Job Connections: Staying in Touch

According to experts,  60-80 percent of jobs are obtained through networking, whether through social media sites, personal connections, or staying in touch with your alma matter. With the proliferation of the Internet, staying in contact is easier and more important than ever. After all, you never really know who you might meet and how they may help you in your future endeavors after graduation. 

Since taking my first job at a grocery store at age 16, my dad has always reiterated “never burn any bridges.” Despite the fact that working as a cashier was not in my future, this saying has stuck with me throughout the years, and has taught me the importance of taking every job seriously, treating it in a professional manner. It has also taught me how crucial it is to stay in contact with as many people as possible, not just previous employers, but professors, peers and family members, too.

One of the most useful skills I have gained throughout my college years is creating and maintaining relationships with my professors. The more your professors learn about your personality, goals and overall interests, the more they can provide you valuable advice, point you in the right direction and match you with the right people. In your senior year, it is vital to recognize that applying to graduate schools requires professional recommendations—as employment requires references—so start making those connections as soon as possible.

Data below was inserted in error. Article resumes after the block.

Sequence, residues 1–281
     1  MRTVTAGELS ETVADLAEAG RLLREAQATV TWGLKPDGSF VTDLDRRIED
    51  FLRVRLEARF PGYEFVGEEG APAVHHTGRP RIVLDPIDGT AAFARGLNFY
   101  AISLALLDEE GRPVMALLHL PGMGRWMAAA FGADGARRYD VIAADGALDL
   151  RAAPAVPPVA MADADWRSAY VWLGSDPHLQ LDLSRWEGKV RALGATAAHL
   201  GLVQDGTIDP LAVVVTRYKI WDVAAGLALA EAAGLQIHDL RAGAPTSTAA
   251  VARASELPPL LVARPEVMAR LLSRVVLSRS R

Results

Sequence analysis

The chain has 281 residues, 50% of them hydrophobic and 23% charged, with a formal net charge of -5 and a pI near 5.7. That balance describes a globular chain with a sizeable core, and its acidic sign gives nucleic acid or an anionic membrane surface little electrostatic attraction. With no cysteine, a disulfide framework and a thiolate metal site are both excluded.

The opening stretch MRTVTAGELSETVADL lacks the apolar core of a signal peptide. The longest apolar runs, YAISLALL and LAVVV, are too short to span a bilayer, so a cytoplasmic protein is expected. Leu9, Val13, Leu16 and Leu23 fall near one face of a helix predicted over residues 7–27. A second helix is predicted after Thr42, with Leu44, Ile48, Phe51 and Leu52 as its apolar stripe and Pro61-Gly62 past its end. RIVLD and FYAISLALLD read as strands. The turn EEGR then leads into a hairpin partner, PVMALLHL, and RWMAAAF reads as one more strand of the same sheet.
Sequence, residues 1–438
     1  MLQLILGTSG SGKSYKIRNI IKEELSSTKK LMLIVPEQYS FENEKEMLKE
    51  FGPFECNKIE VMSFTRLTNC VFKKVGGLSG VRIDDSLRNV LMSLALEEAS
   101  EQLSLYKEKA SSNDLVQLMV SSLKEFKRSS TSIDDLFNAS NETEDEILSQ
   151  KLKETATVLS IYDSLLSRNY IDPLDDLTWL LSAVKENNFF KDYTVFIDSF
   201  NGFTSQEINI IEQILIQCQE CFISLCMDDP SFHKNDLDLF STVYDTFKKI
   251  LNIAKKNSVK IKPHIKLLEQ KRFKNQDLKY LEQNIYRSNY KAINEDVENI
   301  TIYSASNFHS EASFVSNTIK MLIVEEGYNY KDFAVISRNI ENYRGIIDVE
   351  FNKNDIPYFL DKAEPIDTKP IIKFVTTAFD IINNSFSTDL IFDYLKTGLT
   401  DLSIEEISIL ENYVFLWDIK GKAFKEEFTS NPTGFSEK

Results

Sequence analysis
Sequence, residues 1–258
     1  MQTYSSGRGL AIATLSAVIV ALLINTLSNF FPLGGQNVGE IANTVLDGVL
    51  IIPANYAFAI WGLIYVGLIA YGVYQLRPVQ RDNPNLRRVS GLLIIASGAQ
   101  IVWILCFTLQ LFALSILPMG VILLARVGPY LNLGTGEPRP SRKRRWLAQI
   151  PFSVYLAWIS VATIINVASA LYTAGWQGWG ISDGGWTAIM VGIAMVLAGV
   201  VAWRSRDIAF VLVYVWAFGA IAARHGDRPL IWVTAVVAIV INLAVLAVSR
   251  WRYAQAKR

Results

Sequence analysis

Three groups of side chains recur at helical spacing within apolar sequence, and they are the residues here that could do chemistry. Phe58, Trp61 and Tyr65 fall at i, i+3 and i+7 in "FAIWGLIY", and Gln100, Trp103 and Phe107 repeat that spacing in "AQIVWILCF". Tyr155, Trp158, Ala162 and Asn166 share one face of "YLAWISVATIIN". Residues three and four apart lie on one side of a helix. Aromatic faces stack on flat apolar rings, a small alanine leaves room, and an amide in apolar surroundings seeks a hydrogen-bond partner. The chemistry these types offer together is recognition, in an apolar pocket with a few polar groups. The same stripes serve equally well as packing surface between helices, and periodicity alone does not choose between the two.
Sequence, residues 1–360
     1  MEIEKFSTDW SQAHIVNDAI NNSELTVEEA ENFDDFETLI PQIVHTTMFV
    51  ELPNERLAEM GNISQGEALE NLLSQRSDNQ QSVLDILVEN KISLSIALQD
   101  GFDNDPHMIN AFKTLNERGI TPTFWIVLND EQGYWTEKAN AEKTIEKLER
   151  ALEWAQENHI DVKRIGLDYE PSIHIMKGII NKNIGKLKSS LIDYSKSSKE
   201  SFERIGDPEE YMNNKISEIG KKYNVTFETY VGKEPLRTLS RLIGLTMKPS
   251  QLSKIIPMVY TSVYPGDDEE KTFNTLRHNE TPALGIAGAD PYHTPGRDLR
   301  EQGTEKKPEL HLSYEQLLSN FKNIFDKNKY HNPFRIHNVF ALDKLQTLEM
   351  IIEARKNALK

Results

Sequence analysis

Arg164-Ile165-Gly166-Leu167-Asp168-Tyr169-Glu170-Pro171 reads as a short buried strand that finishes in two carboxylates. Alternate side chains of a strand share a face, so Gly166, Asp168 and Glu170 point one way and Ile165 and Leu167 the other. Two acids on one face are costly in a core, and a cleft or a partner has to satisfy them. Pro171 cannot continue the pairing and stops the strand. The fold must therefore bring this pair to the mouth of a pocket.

Maintaining these relationships is equally important. After landing my internship last summer, I made sure to send my references a thank-you note along with taking time to visit them during my school break, updating them on how my summer plans and discussing with them what I gained from the internship. By keeping them engaged, I feel they will be willing to assist me as graduation approaches.  

The same advice goes for internships and other job experiences. Internships are becoming increasingly important, as they are the best way to gain real world experience outside the classroom. Just as with professors, your supervisors and coworkers provide yet another way to make connections and build relationships. So make the most of this opportunity, and don’t be afraid to check in with them once in a while after your departure. 

Social media sites, especially professional networks such as LinkedIn, are a great tool students should take full advantage of. Connect with relevant professors, peers and former employers along with joining groups and following companies you may be interested in. After graduating, you can join your alumni group, which may just be your ticket to landing your next job. After all, having that common bond and love for your school is the perfect conversation starter in an interview!

Melinda Boisjolie, NACAC Communications Intern 2011–2012



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